Authors' conclusions

There remains no evidence about whether penicillin prophylaxis is effective or ineffective against bacterial endocarditis in people at risk who are about to undergo an invasive dental procedure. There is a lack of evidence to support previously published guidelines in this area. It is not clear whether the potential harms and costs of antibiotic administration outweigh any beneficial effect. Ethically practitioners need to discuss the potential benefits and harms of antibiotic prophylaxis with their patients before a decision is made about administration.

摘要

背景

預防細菌性心內膜炎(bacterial endocarditis)之抗生素在牙科的使用

感染性心內膜炎是發生在心臟內襯細胞,高死亡率的嚴重感染情況.許多牙科處理程序會造成菌血症,且被認為可能在某些病人會造成細菌性心內膜炎.許多國家建議在一些危險群的病人接受較具侵犯性的牙科治療前使用抗生素預防.然而最近在英格蘭和威爾士的國家健康及臨床卓越學會(the National Institute for Health and Clinical Excellence;NICE)提出的方針中卻建議不需術前使用抗生素.

目標

決定是否給予預防性抗生素和在侵犯性牙科治療前沒有給予抗生素或給予安慰劑做比較,後者在細菌性心內膜炎的死亡率,嚴重的身體不適或發生心內膜炎的危險性較高.

搜尋策略

從MEDLINE搜尋之前從1950年∼2008年六月的評論文章,並改寫應用在the Cochrane Oral Health, Heart and Infectious Diseases Groups' Trials Registers, 以及以下的資料庫: CENTRAL (The Cochrane Library 2008, Issue 2); EMBASE (1980 to June 2008); and the metaRegister of Controlled Trials (to June 2008).

選擇標準

由於細菌性心內膜炎發生率低,可以預期即使有任何的臨床試驗也很少.因此開始有包含了適當配對的控制組及對照組的世代研究和病例對照研究.比較在有較高發生細菌性心內膜炎的病人,牙科術前給予抗生素和沒有給予抗生素,世代研究需要追蹤增加的危險性及評估各種侵犯性牙科治療後的追蹤結果,依照是否有預防性給藥來分組.病例對照研究需將有發生心內膜炎的病人(已知在侵入性牙科治療前就會有較高風險發生心內膜炎的病人)和有相似的風險卻沒有發生心內膜炎的病人配對.重要的結論在於:需住院的死亡率或病情加劇的情形;任何牙科治療一段時間後發生心內膜炎;其他非牙科造成的心內膜炎;使用抗生素後病情加劇的情況;發生心內膜炎的病人所需的費用,包含抗生素的給予和照顧.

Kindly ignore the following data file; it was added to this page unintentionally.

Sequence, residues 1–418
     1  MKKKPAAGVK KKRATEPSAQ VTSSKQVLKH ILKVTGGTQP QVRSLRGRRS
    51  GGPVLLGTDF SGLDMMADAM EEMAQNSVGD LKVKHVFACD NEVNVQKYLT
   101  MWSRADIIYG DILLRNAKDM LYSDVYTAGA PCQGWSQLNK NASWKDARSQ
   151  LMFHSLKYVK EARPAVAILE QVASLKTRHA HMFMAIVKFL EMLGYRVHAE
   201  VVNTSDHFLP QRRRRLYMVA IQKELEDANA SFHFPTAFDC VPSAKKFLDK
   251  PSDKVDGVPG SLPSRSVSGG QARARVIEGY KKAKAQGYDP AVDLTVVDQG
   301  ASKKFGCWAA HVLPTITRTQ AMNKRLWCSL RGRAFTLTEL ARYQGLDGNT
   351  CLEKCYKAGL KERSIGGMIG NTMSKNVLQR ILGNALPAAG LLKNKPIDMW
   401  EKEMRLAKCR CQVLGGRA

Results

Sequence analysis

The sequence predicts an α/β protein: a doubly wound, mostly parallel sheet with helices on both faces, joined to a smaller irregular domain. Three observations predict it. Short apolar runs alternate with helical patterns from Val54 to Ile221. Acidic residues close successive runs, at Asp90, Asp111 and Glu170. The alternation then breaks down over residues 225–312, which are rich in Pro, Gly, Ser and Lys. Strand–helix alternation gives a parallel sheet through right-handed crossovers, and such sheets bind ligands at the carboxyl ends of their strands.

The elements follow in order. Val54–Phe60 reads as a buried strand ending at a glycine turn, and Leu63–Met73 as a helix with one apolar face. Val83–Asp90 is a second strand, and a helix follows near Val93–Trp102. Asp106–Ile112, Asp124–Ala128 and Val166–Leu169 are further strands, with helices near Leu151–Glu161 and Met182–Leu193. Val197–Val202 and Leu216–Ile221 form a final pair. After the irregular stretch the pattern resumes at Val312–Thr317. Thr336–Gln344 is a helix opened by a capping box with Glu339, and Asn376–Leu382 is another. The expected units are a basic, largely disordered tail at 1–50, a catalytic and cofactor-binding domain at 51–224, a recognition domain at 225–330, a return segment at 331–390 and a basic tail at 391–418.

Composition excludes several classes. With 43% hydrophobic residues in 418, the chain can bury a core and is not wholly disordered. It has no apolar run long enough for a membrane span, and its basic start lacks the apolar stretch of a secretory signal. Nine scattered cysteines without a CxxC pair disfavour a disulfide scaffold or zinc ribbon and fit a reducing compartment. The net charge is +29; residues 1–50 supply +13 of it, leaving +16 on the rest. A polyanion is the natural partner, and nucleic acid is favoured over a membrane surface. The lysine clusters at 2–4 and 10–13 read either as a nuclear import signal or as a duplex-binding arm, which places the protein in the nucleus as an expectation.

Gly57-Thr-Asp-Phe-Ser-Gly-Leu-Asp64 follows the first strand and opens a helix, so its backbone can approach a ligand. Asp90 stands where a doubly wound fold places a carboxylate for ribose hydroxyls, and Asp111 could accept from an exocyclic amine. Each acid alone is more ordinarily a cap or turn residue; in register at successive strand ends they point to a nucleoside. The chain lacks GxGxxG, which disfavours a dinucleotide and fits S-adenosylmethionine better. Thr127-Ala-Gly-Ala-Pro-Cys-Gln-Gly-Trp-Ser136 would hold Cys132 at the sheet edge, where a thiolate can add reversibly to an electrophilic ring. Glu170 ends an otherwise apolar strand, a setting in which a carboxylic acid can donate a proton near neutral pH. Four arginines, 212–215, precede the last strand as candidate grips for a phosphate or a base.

資料收集與分析

兩位作者回顧之前的研究,分別選擇可引用的研究,再從中評估它們的品質和挑選出資料.

主要結論

病例對照研究包含非隨機控制的試驗(randomised controlled trials; RCTs),控制的臨床試驗(controlled clinical trials; CCTs)或世代研究(cohort studies)這些準則.兩年多的時間搜集了所有在荷蘭心的內膜炎病例,發現總共有24個病人在侵犯性牙科治療後180天內發生心內膜炎,根據目前的治療方針和之前已有心臟疾病的高風險病人,術前的預防性抗生素是肯定必要的.這個實驗中包含因心內膜炎死亡的病例.對照組中在牙科治療後180天內發生相似心臟疾病的患者至心臟科門診求診,依照年齡和病例配對.結果顯示術前給予penicillin預防對於心內膜炎的發生率沒有明顯的效果.沒有資料顯示其他結果.

作者結論

目前仍沒有證據顯示在具有風險的病人接受侵犯性牙科治療時,術前給予預防性抗生素對抗細菌性心內膜炎是有效或是無效,缺乏證據去證實先前發表的治療方針.是否有潛在性的危害和抗生素的價格是否比它的效果更高還不清楚.道德上,醫生在決定是否給藥前需和他們的患者討論使用術前抗生素可能的益處和危害.

翻譯人

本摘要由臺灣大學附設醫院張妤欣翻譯。

此翻譯計畫由臺灣國家衛生研究院(National Health Research Institutes, Taiwan)統籌。

總結

目前仍沒有證據顯示在具有風險的病人接受侵犯性牙科治療時,術前給予預防性抗生素對抗細菌性心內膜炎是有效或是無效,缺乏證據去證實先前發表的治療方針.是否有潛在性的危害和抗生素的價格是否比它的效果更高還不清楚.道德上,醫生在決定是否給藥前需和他們的患者討論使用術前抗生素可能的益處和危害.

Plain language summary

Antibiotics for the prophylaxis of bacterial endocarditis in dentistry

There is no evidence about whether antibiotic prophylaxis is effective or ineffective against bacterial endocarditis in people at risk who are about to undergo an invasive dental procedure.
There is a lack of evidence to support previously published guidelines in this area. It is not clear whether the potential harms and costs of antibiotic administration outweigh any beneficial effect. Ethically practitioners need to discuss the potential benefits and harms of antibiotic prophylaxis with their patients before a decision is made about administration.